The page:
Monday, May 10, 2010

Why Syriac is the coolest kid on the Semitic language block

I have to admit it: I'm a bit intimidated by Semitic languages. It's not because they're written right-to-left. There are really two reasons I don't like them:

1. The letters swim. I'm trying to read and they're having a mass orgy on the page, with no shame at all. I make super-sized xeroxes and for Hebrew I got a pair of reading glasses with a higher power than I usually use; they made my eyes hurt but didn't stop the letters from acting like Jell-O with legs. Arabic is much, much worse. And the vowels are always teeny-tiny. Don't even try to count those dots. Half of them aren't part of the official vowel anyway, they just dropped by to hang out because the vowels always have extra beer in the fridge (which is partly why they're staggering around your page).

Once you mark a Hebrew text with accents and Masoretic and text crit markers, part of me gets cranky and decides that I don't want to pretend that it actually means anything anymore. Then I'm filled with an overwhelming desire to call my mom, take my toys, and go home and have a nap.

2. Semitic languages are California surfer-dude cool about some things... but then they're anal-retentive Austrians about others. For example, Semitic languages really don't care about morphological relationships of nouns. "Eh," they say, "What's the difference between a direct and indirect object, really?" They're totally content to do everything with word order and particles rather than inflection. That's a personal choice and I respect that.

I just wish that they didn't get so dang touchy then about their vowel problems. What do you think is going to happen when you start sticking fourteen prefixes onto your noun? Eventually you're going to have to buy a vowel. And then there are going to be rules and regulations. And whatever market analysis survey told Hebrew it would be cool to have four "flavors" of sheva was rigged.

So, into the midst of all the angst created by Hebrew, Arabic, and Akkadian -- enter Syriac.

Syriac is just what the world needs. Why?

1. It has all those fabulous Semitic sounds you know and love. Yeah, I know they're tricky to learn, but once you figure out how to pronounce the voiceless pharyngeal fricative ḥ, you really want to do it on every possible occasion. Because it just sounds HOT. Listen to Natascha Atlas on the Kingdom of Heaven theme if you don't believe me. I wanna cheat on the church with the pharyngeal fricative after that second verse. <*indecent shudder of delight*>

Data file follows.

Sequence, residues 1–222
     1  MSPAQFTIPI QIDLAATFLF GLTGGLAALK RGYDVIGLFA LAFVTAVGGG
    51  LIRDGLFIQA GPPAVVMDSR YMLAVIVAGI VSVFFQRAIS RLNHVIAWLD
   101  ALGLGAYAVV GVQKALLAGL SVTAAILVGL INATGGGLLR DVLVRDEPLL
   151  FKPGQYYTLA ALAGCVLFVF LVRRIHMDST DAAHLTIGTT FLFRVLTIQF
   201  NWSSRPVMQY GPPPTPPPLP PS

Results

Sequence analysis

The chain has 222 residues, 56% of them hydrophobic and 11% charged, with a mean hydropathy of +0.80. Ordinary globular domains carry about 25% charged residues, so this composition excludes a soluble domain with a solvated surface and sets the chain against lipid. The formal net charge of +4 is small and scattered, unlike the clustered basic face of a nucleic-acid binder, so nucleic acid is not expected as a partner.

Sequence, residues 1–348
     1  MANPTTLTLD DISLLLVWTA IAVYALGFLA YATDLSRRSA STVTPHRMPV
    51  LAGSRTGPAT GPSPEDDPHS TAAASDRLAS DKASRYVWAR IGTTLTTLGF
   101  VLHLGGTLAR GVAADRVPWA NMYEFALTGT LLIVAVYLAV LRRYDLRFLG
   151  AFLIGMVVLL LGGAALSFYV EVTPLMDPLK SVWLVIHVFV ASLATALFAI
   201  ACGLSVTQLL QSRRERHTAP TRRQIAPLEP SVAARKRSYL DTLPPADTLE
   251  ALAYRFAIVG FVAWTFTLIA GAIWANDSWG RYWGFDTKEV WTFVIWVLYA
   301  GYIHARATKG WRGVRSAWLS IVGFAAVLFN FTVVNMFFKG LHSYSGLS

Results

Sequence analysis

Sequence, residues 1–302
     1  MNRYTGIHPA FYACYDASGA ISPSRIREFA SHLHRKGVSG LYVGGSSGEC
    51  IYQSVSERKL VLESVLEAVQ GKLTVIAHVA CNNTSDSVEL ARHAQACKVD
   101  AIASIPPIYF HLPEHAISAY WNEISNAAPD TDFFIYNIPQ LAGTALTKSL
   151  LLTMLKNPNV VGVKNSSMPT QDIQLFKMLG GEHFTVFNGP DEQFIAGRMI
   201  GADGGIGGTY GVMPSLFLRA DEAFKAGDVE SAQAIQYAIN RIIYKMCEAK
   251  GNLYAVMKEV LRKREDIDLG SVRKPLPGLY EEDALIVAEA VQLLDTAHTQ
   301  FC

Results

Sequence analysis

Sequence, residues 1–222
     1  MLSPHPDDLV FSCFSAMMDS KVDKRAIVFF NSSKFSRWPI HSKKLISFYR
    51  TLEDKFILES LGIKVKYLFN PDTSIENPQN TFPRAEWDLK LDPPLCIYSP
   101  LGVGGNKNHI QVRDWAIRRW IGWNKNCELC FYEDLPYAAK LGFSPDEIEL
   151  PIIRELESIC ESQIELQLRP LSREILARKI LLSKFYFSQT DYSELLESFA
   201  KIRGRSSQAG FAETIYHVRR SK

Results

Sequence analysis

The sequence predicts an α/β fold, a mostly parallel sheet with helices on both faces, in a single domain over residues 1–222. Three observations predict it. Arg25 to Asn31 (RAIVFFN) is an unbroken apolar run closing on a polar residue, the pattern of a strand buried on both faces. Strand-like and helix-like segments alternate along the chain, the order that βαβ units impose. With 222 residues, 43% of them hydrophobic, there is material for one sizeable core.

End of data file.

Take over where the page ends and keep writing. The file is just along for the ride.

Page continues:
This is part of the problem with Hebrew. It totally has the same letters as Arabic, but it really doesn't push them to their full potential. "Chet" is the same as ḥ, and Tsade and Tet are emphatic s and t, respectively. But the way people teach this, "Chet" sounds just like fricative Kaf; Qoph never gets the tender glottal loving it deserves; and you can't tell a Tet from a Taw. Don't get me started about not pronouncing ʿayin!

2. Syriac probably had a set-up meeting where everyone said, "You know, maybe we should make our letters big enough to see. And maybe we shouldn't have so many that look alike. And let's make them easy to write so that at-home handwriting can pretty much approximate our calligraphic script instead of looking completely freaking different."

3. Then the divinely inspired founders of Syriac put some wacky tobaccy in their hookah and had another meeting. "Y'know man, this language would be the bomb if we, like, just made all the nouns end in -o." There were a few they missed, but not many.

4. They decided not to get uppity about shevas. The policy is: "You don't need to write a sheva. Pronounce with semi-vowel as needed." There aren't any ridiculous rules about whether it's a silent sheva or a vocal sheva. Syriac trusts you to figure out whether you need vocalization or not. And isn't trust the crucial foundation for every good relationship?

5. And plurals all have a nice little diaresis type marker called a sómye. I know what you're thinking: "Ahhh. So that's the catch; where does that little beauty go and how often does it change depending on fifty other variables?" Well, you have to put it in the word you're making plural. Somewhere in the word. Go ahead -- personalize your sómye habits. But think about it -- you can be pretty sure a word is plural if you see the double-dots. Isn't that nice and helpful? What other language goes out of its way to give you a helping hand?

6. They've got poetry about pigeons. Theologically symbolic pigeons. Need I say more?

1 comment:

  1. This is great! I've been trying to learn Hebrew lately and the vowel markings and rules and subrules about vowel changes in different contexts are infuriating. The different printing and calligraphic scripts are also hard to correlate. Why couldn't they have stuck to their roots with the very simple printing of early Phoenician and Hebrew inscriptions?